In 2012, Tupac, a prosthodontist, was accused of gross negligence and other wrongdoing by the Dental Board of California in a case stemming from complaints from two former patients and another Bakersfield dentist.
Three years later, the Dental Board of California revoked his license following a number of hearings regarding his alleged negligence. The state also ordered Tupac to reimburse it for the $61,743.70 cost of the investigation and hearing.
Tupac died in his dental office from a self-inflicted gunshot wound April 1, 2015, shortly after he learned of the board's decision.
In the early 1990s, Tupac fell under suspicion following the death of his wife, Marianne.
On Feb. 13, 1991, Tupac reportedly found Marianne with her head under water in the bathtub of their Westwood home. According to an autopsy report, Tupac told investigators Marianne might have overdosed on sleeping pills.
A supplemental autopsy report later concluded heart disease, drowning, strangulation and suffocation were all possible causes of her death. The Los Angeles County District Attorney's office declined to file charges in the case in 1992.
Self-described doctor sentenced to prison for practicing without a license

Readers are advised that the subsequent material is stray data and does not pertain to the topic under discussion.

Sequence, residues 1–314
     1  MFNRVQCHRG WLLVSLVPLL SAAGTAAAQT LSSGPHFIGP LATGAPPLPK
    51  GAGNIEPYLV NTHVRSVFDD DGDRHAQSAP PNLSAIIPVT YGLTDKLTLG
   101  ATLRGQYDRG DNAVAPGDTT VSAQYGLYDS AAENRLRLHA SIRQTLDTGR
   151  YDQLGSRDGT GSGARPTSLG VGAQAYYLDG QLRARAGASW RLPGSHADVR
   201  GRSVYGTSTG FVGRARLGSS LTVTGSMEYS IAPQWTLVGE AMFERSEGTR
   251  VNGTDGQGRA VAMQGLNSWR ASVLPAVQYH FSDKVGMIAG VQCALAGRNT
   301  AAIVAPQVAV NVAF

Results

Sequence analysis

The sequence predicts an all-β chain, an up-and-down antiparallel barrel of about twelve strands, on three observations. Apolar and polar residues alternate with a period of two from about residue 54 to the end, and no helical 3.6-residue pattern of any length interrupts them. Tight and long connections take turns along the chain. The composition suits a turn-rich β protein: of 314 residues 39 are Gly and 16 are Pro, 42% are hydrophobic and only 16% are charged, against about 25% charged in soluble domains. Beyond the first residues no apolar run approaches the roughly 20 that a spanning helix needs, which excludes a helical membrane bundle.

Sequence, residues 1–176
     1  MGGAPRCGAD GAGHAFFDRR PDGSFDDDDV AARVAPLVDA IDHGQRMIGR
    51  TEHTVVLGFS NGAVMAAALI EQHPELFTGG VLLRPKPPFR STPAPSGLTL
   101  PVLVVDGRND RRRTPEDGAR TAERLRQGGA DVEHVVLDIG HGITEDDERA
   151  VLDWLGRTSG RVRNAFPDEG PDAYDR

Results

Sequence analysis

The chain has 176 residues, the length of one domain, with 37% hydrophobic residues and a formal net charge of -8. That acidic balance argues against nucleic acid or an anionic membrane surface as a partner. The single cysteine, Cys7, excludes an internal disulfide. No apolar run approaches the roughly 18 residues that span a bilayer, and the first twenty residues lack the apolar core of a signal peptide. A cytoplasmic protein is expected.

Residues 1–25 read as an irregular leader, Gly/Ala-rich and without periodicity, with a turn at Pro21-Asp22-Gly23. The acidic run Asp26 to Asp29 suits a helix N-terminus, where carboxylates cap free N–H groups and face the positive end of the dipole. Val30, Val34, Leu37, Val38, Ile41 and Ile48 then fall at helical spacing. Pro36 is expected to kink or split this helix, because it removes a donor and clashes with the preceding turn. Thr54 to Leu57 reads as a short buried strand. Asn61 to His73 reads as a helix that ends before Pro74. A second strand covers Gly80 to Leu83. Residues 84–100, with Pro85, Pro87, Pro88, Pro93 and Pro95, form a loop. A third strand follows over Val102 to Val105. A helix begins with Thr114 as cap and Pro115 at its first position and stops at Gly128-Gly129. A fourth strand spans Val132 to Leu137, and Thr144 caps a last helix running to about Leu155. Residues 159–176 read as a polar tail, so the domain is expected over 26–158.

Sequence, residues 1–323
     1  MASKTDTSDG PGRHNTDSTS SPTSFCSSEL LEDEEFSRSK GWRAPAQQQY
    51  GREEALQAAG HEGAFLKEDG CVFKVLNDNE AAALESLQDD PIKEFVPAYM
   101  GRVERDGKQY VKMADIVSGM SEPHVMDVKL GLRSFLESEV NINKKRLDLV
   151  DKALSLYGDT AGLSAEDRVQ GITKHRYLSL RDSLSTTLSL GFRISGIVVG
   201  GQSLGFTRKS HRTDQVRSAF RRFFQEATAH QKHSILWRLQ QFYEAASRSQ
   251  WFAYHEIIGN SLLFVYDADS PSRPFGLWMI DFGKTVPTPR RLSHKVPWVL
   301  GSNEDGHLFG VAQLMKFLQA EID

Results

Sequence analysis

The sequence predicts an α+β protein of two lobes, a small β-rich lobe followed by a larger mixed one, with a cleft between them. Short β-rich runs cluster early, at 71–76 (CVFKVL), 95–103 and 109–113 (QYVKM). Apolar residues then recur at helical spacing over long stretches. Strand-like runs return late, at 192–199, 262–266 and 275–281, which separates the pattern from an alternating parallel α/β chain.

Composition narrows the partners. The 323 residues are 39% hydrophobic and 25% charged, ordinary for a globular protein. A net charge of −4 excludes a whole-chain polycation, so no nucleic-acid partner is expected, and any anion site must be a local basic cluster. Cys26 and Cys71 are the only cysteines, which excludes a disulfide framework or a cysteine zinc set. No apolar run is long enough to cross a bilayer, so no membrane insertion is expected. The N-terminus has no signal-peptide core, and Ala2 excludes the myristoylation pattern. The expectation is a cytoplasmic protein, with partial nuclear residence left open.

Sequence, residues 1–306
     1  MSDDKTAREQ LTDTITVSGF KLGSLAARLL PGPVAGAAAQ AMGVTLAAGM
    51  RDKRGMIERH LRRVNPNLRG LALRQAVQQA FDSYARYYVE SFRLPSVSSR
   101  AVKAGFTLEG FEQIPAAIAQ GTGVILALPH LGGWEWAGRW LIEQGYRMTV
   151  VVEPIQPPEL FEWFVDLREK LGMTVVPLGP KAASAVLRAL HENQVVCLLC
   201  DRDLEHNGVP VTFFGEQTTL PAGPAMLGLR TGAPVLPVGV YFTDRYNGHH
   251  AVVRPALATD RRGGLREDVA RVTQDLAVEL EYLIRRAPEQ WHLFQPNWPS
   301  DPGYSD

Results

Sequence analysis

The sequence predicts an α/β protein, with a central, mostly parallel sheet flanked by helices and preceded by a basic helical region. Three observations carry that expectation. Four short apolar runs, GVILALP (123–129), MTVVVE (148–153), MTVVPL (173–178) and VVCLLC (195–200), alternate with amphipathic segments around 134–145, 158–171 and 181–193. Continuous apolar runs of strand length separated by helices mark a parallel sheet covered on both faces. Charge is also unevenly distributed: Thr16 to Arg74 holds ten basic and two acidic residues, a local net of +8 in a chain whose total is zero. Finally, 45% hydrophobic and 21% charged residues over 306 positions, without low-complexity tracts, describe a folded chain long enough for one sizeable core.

A man who claimed to be a doctor ran a business in Lamont where he practiced medicine without a license and administered injections to patients, according to the state Department of Consumer Affairs.
Alberto Gonzalez also admitted upon his October 2016 arrest to treating people in the Monterey and Seaside areas.
He pleaded no contest to a felony charge in August 2017 and was sentenced to two years in prison.
That hearing marked the second time in two years he pleaded to practicing without a license.
In 2012, Gonzalez was investigated by the Bakersfield Police Department when they learned he had been practicing medicine inside of his home.
Officers went to Gonzalez's residence in the 5700 block of Monitor Street and found 10 people waiting at the front door. Several vials of prescription medication and an uncovered trash can with used syringes were located in a bedroom.
When police asked Gonzalez where he got his medication, he said most of it came from salesmen who came to his home.
Tehachapi doctor sentenced to prison in fraud case
A Tehachapi doctor was sentenced in 2016 to six months in prison for a scheme to defraud patients and their insurers by implanting and billing for unapproved intrauterine devices.
Dr. Paul S. Singh bought unapproved IUDs on the Internet and fraudulently billed his patients and their insurers as if he had inserted FDA-approved versions of the birth control devices, according to authorities.
Singh was sent multiple bulletins and newsletters warning against the use of unapproved IUDs, and he was warned that products sold by online pharmacies had not been approved as safe and effective by the FDA. Singh implanted them in numerous patients without their consent from April 2008 to June 2012.
Many of Singh's patients later complained to him and other doctors about medical complications they associated with Singh's insertion of the IUD.